Creating a digital menagerie
NEON technicians will collect and identify countless insect specimens over the lifetime of the observatory. To put it into perspective, during a short prototype collection at one site over three weeks using 20 traps, we collected close to 400 ground beetles. Now imagine 40 traps collecting insects at 60 sites for several months every year for 3 decades, not to mention the mosquito sampling that often produces several thousands of specimens from a single night of trapping! This volume of sampling will mean a tremendous amount of valuable data, but it also presents a significant challenge for maintaining accurate species IDs. How do you standardize species identifications across dozens of sites and over decades of monitoring?
We address this issue in a recent publication that provides both preliminary data and an introduction to NEON's approach to monitoring ground beetle and mosquito biodiversity, two groups NEON is targeting.
NEON is part of a growing effort to monitor biodiversity globally (GEOBON, SAEON, TERN, EBONE) and is demonstrating how DNA sequences, as part of an integrative taxonomic strategy, can be used in a real-world biodiversity monitoring program. One major component of NEON’s species identification strategy is the reference library of beetle and mosquito species that we are currently building. Here’s how building the reference library works: We take specimens that have been IDed by an expert using morphological taxonomy (what the species looks like), then we obtain genetic information about those specimens including DNA barcodesDNA barcodes are unique, species-specific DNA sequences that come from the “powerhouses” that make energy inside most every animal, plant and fungal cell – making them easy to obtain and universal to a lot of Earth’s biodiversity. DNA barcodes will help NEON to standardize species identifications across time and space, but tying those molecules to a voucher specimen that has been reliably identified by an expert morphological taxonomist is crucial to making sure we are gathering the highest quality data possible.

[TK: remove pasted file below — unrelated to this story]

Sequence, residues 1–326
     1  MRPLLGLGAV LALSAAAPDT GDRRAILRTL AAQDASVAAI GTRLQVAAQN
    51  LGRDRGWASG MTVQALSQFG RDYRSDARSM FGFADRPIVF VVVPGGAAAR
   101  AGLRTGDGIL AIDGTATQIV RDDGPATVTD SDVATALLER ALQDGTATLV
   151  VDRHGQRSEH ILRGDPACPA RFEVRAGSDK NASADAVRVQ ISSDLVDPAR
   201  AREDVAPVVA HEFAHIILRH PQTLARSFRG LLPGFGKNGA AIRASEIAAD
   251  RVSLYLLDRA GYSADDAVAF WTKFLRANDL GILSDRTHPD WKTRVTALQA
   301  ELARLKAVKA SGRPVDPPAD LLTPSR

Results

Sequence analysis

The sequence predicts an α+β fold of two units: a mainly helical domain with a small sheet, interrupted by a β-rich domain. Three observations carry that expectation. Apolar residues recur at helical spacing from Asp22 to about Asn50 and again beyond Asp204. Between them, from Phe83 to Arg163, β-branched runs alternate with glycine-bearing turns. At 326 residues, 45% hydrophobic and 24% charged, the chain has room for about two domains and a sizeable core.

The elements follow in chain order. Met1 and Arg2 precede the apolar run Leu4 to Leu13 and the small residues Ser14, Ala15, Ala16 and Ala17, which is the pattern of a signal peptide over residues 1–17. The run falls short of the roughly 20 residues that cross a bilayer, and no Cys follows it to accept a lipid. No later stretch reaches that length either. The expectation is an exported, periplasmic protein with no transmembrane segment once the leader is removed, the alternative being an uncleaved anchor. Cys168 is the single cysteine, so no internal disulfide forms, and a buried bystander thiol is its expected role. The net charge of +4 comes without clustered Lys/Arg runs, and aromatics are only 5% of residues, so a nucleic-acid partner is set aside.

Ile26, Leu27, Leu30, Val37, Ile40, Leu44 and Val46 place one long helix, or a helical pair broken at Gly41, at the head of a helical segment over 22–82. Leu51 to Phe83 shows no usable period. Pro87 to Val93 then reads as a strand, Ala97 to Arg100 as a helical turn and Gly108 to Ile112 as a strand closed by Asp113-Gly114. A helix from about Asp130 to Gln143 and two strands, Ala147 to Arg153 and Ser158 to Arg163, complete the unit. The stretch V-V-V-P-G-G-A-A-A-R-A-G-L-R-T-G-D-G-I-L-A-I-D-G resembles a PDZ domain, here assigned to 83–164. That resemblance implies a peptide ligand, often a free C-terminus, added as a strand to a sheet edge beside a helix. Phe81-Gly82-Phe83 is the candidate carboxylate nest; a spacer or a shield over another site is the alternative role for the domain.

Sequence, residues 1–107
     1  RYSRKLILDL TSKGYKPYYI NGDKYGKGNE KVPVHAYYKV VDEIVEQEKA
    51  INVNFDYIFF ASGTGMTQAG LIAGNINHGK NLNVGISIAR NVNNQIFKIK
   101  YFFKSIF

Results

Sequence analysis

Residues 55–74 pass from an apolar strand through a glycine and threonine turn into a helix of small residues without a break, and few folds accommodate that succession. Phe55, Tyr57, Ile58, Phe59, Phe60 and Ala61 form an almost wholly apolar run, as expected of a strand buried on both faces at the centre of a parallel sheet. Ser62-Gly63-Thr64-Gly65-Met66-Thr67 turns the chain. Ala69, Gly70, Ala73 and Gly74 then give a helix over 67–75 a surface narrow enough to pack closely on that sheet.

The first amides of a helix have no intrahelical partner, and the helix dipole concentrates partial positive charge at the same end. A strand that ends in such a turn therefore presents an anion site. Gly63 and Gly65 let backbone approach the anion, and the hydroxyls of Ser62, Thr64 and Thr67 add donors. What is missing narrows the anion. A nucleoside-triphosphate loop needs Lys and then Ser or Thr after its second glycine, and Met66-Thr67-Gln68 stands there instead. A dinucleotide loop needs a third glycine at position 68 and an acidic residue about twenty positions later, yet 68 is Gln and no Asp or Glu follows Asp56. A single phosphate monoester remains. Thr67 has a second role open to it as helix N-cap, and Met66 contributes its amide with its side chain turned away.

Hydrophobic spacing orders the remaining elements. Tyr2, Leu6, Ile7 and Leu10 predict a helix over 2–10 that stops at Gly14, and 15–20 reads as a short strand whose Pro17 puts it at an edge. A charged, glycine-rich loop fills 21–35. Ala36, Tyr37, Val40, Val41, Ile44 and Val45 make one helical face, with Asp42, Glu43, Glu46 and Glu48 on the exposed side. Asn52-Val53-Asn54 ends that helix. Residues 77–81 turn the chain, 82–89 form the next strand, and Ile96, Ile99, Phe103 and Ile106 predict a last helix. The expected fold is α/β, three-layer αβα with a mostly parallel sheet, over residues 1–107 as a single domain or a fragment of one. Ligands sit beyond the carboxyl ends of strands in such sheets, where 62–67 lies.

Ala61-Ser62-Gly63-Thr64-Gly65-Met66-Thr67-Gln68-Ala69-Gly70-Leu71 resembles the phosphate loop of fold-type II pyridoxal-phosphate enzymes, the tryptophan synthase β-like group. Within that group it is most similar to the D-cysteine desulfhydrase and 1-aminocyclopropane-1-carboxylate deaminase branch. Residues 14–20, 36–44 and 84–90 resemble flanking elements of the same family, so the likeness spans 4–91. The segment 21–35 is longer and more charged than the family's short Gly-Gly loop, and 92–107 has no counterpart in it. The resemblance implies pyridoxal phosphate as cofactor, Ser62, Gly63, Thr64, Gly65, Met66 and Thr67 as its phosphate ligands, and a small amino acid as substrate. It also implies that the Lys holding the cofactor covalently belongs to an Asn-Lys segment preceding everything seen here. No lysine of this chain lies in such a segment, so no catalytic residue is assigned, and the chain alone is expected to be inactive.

The specimens that we are using to build this library come from collections made during NEON prototype field campaigns as well as from museum-archived specimens up to 80 years old! All of the sequence data, photos, and other information can be publicly accessed online from the Barcode of Life Data System (BOLD). Because it is publicly available, NEON’s reference library will also serve a variety of other possible uses for many other people. Ecologists will be able to gain insights into population changes over time and in response to differing land use types. Public health surveyors will be able to skip the time-intensive and costly steps of rearing juvenile mosquitoes through to adulthood for species IDs. Citizen scientists will be able to download region-specific species lists to learn about their local fauna and the critical ecosystem services they perform. All of this from uniting molecules with morphology!
*Many similar efforts are generating DNA barcodes for a variety of life forms to answer questions ranging from conservation issues to simply understanding what exists on our planet.
Here are some examples that have also been published in PLoS ONE recently:
- The Barcode of Life Data Portal: Bridging the Biodiversity Informatics Divide for DNA Barcoding
- Joining Inventory by Parataxonomists with DNA Barcoding of a Large Complex Tropical Conserved Wildland in Northwestern Costa Rica
- Barcoding a Quantified Food Web: Crypsis, Concepts, Ecology and Hypotheses
- Pyrosequencing for Mini-Barcoding of Fresh and Old Museum Specimens
- A DNA Barcode Library for North American Ephemeroptera: Progress and Prospects
- Wolbachia and DNA Barcoding Insects: Patterns, Potential, and Problems